The Thursday before Easter is called ...
Maundy Thursday: it's the only day in Holy Week—that's the week before Easter Sunday—with a name that is pretty much completely opaque to the typical English speaker. Maundy Thursday is the Thursday before Easter, and the Maundy part comes straight from Latin—specifically, the word mandatum, which means "command, order." Mandatum is also the source of the word mandate.
Maundy Thursday got its name from an anthem sung in Roman Catholic churches on that day: "Mandatum novum do vobis.” The words translate as “a new commandment I give unto you,” and are from words spoken by Jesus to his disciples after he washed their feet at the Last Supper: "A new commandment I give unto you, that ye love one another" (John 13:34, Authorized Version). Maundy Thursday is the day on which Christians commemorate that event with special services that sometimes include a ritual washing of the feet. Some religious denominations call the day "Holy Thursday."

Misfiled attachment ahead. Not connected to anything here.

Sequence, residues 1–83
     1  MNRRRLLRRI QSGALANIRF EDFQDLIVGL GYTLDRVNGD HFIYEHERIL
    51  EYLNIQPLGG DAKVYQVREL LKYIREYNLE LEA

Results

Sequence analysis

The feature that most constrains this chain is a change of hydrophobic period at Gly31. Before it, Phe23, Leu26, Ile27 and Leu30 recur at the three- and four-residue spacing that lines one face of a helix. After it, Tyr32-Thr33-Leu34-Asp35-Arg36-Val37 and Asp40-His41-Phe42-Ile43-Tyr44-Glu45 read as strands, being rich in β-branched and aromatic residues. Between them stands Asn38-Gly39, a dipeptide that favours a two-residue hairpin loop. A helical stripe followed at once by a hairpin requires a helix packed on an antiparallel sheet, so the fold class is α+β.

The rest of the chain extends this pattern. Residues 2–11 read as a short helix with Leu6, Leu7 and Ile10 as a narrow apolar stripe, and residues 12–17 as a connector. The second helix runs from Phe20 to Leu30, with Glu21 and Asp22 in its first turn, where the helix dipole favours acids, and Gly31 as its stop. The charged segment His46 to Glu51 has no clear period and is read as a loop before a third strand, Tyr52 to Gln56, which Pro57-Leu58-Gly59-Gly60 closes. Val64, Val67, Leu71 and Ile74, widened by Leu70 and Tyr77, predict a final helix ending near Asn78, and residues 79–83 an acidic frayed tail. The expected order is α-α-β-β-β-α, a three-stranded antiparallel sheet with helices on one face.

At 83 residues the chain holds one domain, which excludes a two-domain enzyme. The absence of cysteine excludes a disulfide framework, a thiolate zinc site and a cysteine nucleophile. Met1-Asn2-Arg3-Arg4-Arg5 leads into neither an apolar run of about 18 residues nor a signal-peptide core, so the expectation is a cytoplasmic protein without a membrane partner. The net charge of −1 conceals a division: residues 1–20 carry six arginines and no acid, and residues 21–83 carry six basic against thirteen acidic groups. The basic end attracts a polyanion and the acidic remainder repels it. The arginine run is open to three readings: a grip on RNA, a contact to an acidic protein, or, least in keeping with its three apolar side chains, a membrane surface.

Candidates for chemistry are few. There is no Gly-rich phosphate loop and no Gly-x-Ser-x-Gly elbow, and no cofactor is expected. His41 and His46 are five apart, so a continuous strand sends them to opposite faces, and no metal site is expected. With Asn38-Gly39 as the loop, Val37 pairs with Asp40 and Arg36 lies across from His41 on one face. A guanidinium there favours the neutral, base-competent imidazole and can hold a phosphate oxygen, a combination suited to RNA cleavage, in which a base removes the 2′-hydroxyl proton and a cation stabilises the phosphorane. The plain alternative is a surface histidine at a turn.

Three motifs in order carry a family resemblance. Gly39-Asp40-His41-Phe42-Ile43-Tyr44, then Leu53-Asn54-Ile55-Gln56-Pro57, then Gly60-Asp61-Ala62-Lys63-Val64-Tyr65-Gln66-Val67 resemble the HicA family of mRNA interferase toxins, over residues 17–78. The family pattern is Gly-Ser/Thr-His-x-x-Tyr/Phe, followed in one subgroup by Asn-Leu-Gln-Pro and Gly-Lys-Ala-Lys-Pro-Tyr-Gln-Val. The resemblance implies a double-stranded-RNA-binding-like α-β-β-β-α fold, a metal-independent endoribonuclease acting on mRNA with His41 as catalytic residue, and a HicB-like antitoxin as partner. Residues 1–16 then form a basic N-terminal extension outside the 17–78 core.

Maundy Thursday is followed by Good Friday, which is observed as the anniversary of Christ's death. There's also Holy Saturday, and then, of course Easter—the day on which Christ's resurrection is commemorated. Easter's date varies with the year (and the calendar being used), but it's always the first Sunday after the paschal full moon.
The word Easter comes from the Old English ēastre, which shares an ancestor with the Old High German ōstarun (also meaning "Easter"), itself from the Old English word for "east": ēast.
The term Holy Week itself is a good reminder of the origin of a word heard throughout the year: holiday comes from the Old English term hāligdæg, a combining of hālig, meaning "holy," and dæg, meaning "day." The word is still sometimes used to refer to a holy day—that is, to a day set aside for special religious observance.